Winter is a wonderland of seasonal produce that packs real nutritional punch. Unlike the brightly coloured, sweet fruits of summer, winter fare does take a bit more experimentation - but the results are well worth it. Here are the seven seasonal foods to pile onto your plate now.
Kumquats are a sweet and sour member of the citrus family that are consumed whole, including the skin. The peel is packed with sweet essential oils and phytochemicals that are cancer-protective and the sour inside is rich in Vitamin C. Enjoy them whole, chopped into a salad or preserve them in chutney.
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Horseradish is a pungent medicinal root with antibacterial and anti-inflammatory properties. It stimulates the production of bile and the enzymes that facilitate digestion. Try adding a teaspoon of freshly grated horseradish to roast beef, soup stocks or salad dressings.
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Ghee is a type of clarified butter used widely in Indian cuisine. It's very low in lactose and casein so even those with a dairy-intolerance usually have no problem eating it. Ghee is rich in the fat-soluble Vitamins A, D, E and K and butyrate, which can decrease inflammation and nourish the digestive tract. Its high smoke point (250 degrees) make it great for cooking as it won't turn rancid and break down into free radicals like other oils. Use Ghee for deep frying, sautéing, baking, or drizzled over steamed veggies.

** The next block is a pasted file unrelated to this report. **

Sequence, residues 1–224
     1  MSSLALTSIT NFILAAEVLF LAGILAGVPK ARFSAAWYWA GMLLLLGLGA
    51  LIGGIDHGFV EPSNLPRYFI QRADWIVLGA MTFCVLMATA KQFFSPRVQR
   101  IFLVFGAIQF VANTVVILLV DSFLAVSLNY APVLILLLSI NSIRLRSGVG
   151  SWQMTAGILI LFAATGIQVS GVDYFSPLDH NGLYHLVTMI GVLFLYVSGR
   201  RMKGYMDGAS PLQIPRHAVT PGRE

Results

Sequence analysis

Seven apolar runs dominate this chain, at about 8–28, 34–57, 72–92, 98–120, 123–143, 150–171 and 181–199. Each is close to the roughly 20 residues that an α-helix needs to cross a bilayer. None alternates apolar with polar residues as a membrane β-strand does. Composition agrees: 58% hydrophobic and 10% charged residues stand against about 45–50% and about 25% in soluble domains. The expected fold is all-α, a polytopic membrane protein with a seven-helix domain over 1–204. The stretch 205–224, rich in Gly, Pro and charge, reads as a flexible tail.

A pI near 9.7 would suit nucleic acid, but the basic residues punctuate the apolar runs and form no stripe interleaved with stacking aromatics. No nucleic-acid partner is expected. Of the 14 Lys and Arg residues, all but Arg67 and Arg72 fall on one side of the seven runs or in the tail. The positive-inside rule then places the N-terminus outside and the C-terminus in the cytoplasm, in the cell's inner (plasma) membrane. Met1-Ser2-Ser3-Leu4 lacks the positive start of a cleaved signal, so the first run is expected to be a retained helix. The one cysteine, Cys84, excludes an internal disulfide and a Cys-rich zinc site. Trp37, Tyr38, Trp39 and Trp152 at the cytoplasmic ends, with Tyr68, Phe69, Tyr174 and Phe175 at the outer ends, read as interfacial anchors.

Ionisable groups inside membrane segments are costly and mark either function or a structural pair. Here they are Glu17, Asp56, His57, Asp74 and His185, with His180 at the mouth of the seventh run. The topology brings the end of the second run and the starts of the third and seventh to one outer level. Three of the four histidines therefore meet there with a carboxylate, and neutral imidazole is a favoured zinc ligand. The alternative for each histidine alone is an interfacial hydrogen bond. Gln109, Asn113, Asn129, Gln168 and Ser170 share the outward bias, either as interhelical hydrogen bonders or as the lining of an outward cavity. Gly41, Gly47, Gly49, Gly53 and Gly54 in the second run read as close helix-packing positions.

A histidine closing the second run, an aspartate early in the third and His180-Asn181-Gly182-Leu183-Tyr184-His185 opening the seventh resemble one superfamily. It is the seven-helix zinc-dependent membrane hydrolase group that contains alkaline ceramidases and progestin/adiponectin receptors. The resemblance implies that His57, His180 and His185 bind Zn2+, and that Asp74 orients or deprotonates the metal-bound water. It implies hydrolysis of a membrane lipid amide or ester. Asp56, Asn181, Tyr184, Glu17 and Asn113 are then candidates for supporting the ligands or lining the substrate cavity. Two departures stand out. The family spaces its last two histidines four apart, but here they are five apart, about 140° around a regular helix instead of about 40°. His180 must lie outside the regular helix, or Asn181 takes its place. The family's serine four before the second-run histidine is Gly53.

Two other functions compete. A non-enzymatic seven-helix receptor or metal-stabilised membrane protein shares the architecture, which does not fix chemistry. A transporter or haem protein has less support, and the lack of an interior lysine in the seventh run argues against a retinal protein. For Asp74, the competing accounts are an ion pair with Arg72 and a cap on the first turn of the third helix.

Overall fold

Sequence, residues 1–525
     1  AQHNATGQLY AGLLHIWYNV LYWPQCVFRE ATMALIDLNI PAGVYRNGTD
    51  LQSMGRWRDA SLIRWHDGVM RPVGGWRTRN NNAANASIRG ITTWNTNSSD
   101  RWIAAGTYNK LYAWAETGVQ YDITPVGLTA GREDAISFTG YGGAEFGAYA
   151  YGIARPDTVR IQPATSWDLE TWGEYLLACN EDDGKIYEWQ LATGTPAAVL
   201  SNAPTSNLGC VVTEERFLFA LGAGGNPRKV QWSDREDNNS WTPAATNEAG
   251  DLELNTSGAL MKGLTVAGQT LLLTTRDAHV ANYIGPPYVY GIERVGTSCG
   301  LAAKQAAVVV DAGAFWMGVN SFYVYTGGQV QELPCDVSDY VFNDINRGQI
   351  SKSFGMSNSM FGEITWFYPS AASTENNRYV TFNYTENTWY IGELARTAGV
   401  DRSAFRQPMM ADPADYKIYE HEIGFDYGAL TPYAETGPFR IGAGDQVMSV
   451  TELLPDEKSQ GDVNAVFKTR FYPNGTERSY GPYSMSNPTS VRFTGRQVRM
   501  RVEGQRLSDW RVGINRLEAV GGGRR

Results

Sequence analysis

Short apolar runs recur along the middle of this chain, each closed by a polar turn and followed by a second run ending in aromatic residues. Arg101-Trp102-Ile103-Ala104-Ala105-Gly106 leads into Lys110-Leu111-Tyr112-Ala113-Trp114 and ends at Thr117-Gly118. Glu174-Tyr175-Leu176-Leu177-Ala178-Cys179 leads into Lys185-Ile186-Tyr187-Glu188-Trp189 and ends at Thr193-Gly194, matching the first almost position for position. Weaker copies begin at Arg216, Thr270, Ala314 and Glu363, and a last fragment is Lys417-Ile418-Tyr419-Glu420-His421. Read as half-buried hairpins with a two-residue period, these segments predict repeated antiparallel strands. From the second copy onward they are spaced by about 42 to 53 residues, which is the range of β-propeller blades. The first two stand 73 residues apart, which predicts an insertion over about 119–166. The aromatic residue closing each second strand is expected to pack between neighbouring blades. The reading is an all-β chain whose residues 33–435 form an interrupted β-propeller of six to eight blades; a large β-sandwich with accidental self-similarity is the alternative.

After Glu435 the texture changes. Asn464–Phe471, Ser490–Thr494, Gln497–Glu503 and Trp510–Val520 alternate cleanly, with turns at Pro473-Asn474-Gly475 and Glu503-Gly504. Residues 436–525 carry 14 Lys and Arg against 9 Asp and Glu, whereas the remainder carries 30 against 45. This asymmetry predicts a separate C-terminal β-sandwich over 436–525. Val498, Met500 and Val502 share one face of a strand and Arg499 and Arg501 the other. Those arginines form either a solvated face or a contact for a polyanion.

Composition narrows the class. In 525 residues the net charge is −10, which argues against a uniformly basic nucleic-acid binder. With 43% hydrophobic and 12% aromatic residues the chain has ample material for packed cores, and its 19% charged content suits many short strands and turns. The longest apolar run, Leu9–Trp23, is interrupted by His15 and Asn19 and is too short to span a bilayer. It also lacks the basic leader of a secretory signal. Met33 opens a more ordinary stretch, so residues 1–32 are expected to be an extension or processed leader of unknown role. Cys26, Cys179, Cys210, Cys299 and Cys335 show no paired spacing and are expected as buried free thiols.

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The humble beetroot truly is a superfood. Liver-loving beetroot stimulates detoxification and the pigment that gives beets their purple colour, betacyanin, is a powerful cancer-fighting antioxidant. Raw grated beetroot is ideal for treating constipation and has been shown to protect against colon cancer. Beet greens are even higher in nutritional value than the roots so don't discard them; add them raw to salads or try sautéing them (in Ghee!).
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Vegetables were traditionally fermented so they would last over the winter, which happens to be the ideal time to enjoy them due to their high levels of Vitamin C. Our immune system resides mainly in our gut so by feeding the microbiome with beneficial flora from unpasteurised sauerkraut you are strengthening your defense against cold and flu.
Radicchio (pronounced ra-dee-kyoh) belongs to the bitter chicory family along with endive. A staple in salads all over Italy but under-appreciated in Australia, radicchio comes with big health benefits. Bitter foods stimulate the liver to produce bile, which enhances digestion by emulsifying fats and rendering nutrients more available. Thanks to its deep red colour, radicchio is also an excellent source of antioxidants. Add it raw to any salad or cut it into wedges and roast it before topping with balsamic vinegar and shaved Parmesan cheese.
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Fennel has a unique aniseed flavour and a wide array of medicinal properties. It's an excellent source of Vitamin C, potassium and fibre. As a tea, fennel is used as an anti-spasmodic, meaning it can ease the painful, cramping sensations of bloating. Fennel also has mild diuretic actions, which may be helpful in releasing water retention associated with PMS. Fennel is wonderful sliced raw in salads or braised and served as a side to seafood dishes; the fronds can be used as a flavourful garnish on seafood, salads and stews.
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